The Quick-Thinking Duncan Dhu

This blog is chiefly about great reads for a quarter, but it seems reasonable to include great reads for a dollar, too. And one of the greatest reads for a dollar, for anyone who loves Scotland, especially, but for everyone else too, is Kidnapped by Robert Louis Stevenson.

You can almost always find it for a buck, but you might want to pay a bit more for an edition with good illustrations. You’ll get a better picture of the miser uncle. It’s a rippin’ good read. There are no real pirates — for those you have to read Treasure Island — but you’ll get a guided tour of the Scottish Highlands and the Hebrides in 1751.

You’ll visit lively destinations like Balluchulish, Corrynakiegh and Balquhidder.

You’ll build your word power with words like philabeg, boddle and perliecue.

The narrator, David Balfour, is a Lowlander who gets kidnapped through the connivance of the miser uncle Ebenezer and escapes with the assistance of Alan Breck (Stewart), a Highlander, with whom he shares many vicissitudes, which I won’t go into except to say that they are what make the book such a grippin good read. We learn that Alan is an excellent swordsman with a bit of a temper.

So at Balquhidder, where “no great clan holds rule,” David is wicked sick and he and Alan have sought refuge in the cottage of Duncan Dhu (Maclaren), who will soon surprise us with his quick thinking.

Alan runs into Robert Oig (Macgregor), a son of Rob Roy, who is famous for a cocktail, and apparently there is no love lost between their families. But both men are wanted by the English, who had clobbered the Highlanders at Culloden in 1745, etc., etc. so a duel would be bootless. Here’s the dialogue:

“I did not know that you were in my country, sir?” says Robin.

“It sticks in my mind that I am in the country of my friends the Maclarens,” says Alan.

“That’s a kittle [ticklish] point,” returned the other. “There may be two words to that. But I think I will have heard that you are a man of your sword?”

[Highlanders frequently use the future perfect tense in situations of this kind.]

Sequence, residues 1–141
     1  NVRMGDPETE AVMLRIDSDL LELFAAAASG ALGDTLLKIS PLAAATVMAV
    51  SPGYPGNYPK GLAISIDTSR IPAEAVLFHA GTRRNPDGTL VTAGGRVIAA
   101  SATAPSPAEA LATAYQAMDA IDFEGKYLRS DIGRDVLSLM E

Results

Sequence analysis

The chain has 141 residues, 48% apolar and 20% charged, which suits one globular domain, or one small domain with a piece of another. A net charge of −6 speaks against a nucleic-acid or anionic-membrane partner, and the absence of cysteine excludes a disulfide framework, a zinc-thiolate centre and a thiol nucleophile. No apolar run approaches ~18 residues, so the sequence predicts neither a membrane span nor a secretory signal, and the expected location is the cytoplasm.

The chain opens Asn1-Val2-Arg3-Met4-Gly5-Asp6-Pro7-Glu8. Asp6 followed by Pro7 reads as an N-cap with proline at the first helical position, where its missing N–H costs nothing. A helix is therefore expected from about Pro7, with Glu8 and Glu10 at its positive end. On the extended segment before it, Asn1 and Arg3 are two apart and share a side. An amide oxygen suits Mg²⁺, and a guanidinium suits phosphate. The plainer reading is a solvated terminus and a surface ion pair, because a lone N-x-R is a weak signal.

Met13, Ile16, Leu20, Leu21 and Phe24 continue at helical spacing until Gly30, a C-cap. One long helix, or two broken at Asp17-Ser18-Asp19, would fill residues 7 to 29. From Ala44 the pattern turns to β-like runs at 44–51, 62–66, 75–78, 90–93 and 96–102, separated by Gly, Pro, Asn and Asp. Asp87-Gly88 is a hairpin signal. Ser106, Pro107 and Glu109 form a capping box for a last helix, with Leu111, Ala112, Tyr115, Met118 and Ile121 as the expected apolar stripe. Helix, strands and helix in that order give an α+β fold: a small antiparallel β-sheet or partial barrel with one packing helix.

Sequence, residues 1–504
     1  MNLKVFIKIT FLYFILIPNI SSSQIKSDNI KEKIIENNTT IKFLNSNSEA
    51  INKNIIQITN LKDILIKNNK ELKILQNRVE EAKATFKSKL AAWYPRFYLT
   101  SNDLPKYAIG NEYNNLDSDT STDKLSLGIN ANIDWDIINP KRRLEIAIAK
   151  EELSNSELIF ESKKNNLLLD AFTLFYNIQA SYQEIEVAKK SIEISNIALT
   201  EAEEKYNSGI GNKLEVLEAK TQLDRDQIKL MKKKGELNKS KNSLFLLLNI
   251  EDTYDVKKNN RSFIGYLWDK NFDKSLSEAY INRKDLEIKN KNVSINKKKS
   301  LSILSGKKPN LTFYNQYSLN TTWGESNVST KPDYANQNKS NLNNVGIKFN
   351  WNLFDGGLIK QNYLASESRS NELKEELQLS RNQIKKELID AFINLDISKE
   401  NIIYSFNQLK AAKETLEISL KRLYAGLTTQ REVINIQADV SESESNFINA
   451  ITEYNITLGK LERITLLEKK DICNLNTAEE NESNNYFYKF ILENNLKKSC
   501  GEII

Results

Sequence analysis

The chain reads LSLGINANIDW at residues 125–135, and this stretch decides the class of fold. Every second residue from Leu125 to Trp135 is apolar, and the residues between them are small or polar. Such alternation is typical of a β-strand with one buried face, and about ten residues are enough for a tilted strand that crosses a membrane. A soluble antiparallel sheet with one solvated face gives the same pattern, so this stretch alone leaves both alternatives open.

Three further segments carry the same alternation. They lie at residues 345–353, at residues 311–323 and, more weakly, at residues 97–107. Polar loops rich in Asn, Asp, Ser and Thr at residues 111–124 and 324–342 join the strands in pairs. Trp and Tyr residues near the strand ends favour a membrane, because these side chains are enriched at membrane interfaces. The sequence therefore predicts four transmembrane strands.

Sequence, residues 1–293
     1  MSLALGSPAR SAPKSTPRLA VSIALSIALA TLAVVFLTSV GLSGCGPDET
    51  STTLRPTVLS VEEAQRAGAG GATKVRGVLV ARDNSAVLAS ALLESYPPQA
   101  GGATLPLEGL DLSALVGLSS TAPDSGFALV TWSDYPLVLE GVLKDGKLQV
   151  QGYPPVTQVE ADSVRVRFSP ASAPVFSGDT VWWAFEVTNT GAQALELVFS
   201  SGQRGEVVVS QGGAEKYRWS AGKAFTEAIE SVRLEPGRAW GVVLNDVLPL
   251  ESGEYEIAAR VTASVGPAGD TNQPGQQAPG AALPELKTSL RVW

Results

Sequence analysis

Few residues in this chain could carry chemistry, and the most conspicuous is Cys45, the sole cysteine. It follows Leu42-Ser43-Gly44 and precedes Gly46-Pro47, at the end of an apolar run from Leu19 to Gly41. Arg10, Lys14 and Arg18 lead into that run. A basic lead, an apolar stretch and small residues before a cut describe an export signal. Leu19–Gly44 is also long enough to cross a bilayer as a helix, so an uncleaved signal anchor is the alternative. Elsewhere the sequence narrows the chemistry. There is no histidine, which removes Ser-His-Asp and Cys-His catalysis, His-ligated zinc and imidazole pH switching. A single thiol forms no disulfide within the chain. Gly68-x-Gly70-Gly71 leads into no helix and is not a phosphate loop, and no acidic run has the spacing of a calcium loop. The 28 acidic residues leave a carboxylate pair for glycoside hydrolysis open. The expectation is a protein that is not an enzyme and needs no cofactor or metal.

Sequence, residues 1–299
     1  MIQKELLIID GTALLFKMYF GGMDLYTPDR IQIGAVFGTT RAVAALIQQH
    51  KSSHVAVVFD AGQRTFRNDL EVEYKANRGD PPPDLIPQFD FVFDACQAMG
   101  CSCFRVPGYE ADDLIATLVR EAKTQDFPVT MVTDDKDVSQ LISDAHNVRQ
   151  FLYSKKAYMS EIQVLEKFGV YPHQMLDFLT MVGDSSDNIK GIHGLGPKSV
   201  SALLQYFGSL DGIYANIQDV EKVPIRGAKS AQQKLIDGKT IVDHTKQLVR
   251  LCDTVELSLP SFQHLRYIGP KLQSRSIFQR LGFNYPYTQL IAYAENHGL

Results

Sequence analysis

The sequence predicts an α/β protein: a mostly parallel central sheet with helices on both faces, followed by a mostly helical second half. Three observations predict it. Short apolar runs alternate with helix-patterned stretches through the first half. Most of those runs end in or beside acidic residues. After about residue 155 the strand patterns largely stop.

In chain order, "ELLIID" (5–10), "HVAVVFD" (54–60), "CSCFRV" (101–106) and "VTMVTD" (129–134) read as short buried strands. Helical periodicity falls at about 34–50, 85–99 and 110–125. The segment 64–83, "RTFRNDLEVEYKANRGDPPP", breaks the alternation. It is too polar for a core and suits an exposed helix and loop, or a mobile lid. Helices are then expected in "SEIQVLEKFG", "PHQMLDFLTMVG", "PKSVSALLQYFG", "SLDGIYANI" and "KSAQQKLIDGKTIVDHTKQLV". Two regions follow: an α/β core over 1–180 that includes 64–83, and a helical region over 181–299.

“Unless ye were born deaf, Mr. Macgregor, ye will have heard a good deal more than that,” says Alan. “I am not the only man that can draw steel in Appin; and when my kinsman and captain, Ardshiel, had a talk with a gentleman of your name, not so many years back, I could never hear that the Macgregor had the best of it.”

“Do you mean my father sir?” says Robin. [This is getting extremely personal.]

“Well I wouldnae wonder,” says Alan.

“My father was an old man,” returned Robin. “The match was unequal. You and me would make a better pair, sir.”

“I was thinking of that,” said Alan.

I was half out of bed [says the narrator], and Duncan had been hanging at the elbow of these fighting cocks, ready to intervene upon the least occasion. But when that word was uttered, it was a case of now or never; and Duncan, with something of a white face to be sure, thrust himself between.

“Gentlemen,” said he, “I will have been thinking of a very different matter, whateffer. Here are my pipes, and here are you two gentlemen who are baith acclaimed pipers. It’s lan ault dispute which one of ye’s the best. Here will be a braw chance to settle it.”

Then Duncan Dhu “made haste to bring out the pair of pipes that was his principal possession, and to set before his guests a mutton-ham and a bottle of that drink which they call Athole brose, and which is made of old whiskey, strained honey and sweet cream.”

[More quick thinking by a guy who doesn’t want his home wrecked and a body on his hands]

So they quaff some brose and have a piping contest and Robin wins. Who’s the judge? Alan himself. After besting him in the variations contest, Robin plays the ancestral tune of the Appin Stewarts, and beautifully, too. Like a Yankee band playing “Dixie.”

“Robin Oig,” he [Alan] said when it was done, “ye are a great piper. I am not fit to blow in the same kingdom with ye. Ye have mair musin in yer sporran [purse] than I have in my head. And although it still sticks in my mind that I could maybe show ye another of it with the cold steel, I warn ye beforehand — it’ll no be fair! It would go against my heart to haggle [skewer] a man that can blow the pipes as ye can!”

Way to go, Duncan Dhu!